Image credit: Powen
Earlier this week, Spanish solar association UNEF convened a webinar to explore how the industry is navigating the impacts from the COVID-19 crisis. The session, attended online by PV Tech (see here for full coverage), opened the floor to sector players facing component delays and the government-mandated shutdown of solar factories and power plant construction work.
What follows is a selection of some of the statements by José Benjumea, CEO of self-consumption developer Powen, as he addressed webinar attendees and fellow speakers.
On Powen’s response so far:
“This has caught all of us by surprise … We did face some delays with Chinese modules but as the situation evolved so quickly it ended up joining with the [more recent] lockdown in Spain – that is to say, we were installing up until last week whilst applying security measures but now we have stopped.
“We’re still working remotely and assisting on the O&M front … I wish there’d been more clarity. For instance, with O&M we weren’t sure if it was okay to continue – we’ve opted to continue and there hasn’t been any problem yet.
On the sales front we try and highlight the benefits of self-consumption but I understand customers have other things to think about.”
On the broader implications for the Spanish self-consumption segment:
“In this country, self-consumption had known years of struggle and restrictions but for the first time clarity was coming through, with regulatory changes such as a scrapping of the sun tax … Customers were starting to enjoy the benefits of self-consumption.
“We’ve suffered a lot, fought a lot and now we’re facing another standstill … we have yet another long road ahead of us and not because solar is not a sound proposition, but because there’ll be a shock across the board for our customers.
“With support from the government, though, with concrete measures I think we could come out stronger. I look at the current crisis with respect but also optimism."
On whether tighter budgets will put companies off investing in self-consumption:
“It’s hard to make predictions… The first thing a company does when there is uncertainty is to paralyse everything, especially investment, and self-consumption will clearly fall into that.
“However, I believe the standstill will be temporary because self-consumption’s strengths are there, perhaps even more so.
“This is more than ever the time to make savings, to be competitive, self-sufficient and sustainable. This crisis has revealed our dependency – self-sufficiency from an energy standpoint is even more important.”
On whether the COVID-19 crisis will raise solar prices:
“There hasn’t been a crisis around raw materials so there shouldn’t be price rises … as soon as factories start re-launching we shouldn’t struggle with supply. I think delays are unavoidable but prices should not jump … China is already recovering.”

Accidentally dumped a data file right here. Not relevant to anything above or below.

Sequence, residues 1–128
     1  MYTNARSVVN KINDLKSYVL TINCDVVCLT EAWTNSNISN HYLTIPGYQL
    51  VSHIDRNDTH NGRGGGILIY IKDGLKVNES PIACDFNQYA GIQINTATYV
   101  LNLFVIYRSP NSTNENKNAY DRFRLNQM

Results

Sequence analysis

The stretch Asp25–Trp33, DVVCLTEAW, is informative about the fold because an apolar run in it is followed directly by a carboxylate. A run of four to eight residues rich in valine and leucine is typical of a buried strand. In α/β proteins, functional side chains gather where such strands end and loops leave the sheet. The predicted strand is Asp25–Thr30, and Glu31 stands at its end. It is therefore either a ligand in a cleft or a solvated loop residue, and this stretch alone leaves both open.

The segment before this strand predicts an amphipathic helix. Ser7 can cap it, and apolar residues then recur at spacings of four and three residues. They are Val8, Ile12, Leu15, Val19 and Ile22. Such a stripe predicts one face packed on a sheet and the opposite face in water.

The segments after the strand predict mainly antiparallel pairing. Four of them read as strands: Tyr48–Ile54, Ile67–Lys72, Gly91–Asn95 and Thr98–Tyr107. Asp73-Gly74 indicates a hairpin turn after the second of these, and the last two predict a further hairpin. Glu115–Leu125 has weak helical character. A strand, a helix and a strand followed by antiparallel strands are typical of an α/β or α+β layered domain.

On whether Spain should futureproof solar supply by developing domestic manufacturing:
“My view as the final client, and not the manufacturer, is that it is good to draw lessons from this situation … I think the benefits of having certain [domestic] capacity, to be self-sufficient in certain areas such as healthcare, have become obvious.
“But we’d better examine everything carefully. It’s okay to promote domestic manufacturing of equipment but only as long as it doesn’t hamper competitiveness – perhaps the comparison is absurd but if assembling a Spanish panel costs twice as much as a Chinese product … we’d better be careful.”
On whether the COVID-19 crisis will hamper investment in solar:
“I think things will return back to normal in the longer run … solar is an industry that generates an asset, kilowatts per hour, that is both real and necessary.
“Projects will remain completely investible but will perhaps become a venture for specialists … It doesn’t make sense to squeeze an asset as solid as solar for the short time we’ll be [in this crisis] so I think banks will be flexible.
“My concerns lie with the longer term. This has to relaunch … How quickly will we be able to restart factories? That’s my worry … But I deal with many final clients and everyone will be understanding. What has happened is a clear example of force majeure.”
The prospects and challenges of solar's new era in Europe will take centre stage at Large Scale Solar Europe 2020 (Lisbon, on 30 June-1 July 2020).
This publication has also set up a tracker to map out how the COVID-19 pandemic is disrupting solar supply chains worldwide. You can read the latest updates here.
If you have a COVID-19 statement to share or a story on how the pandemic is disrupting a solar business anywhere in the world, do get in touch at email@example.com or firstname.lastname@example.org.
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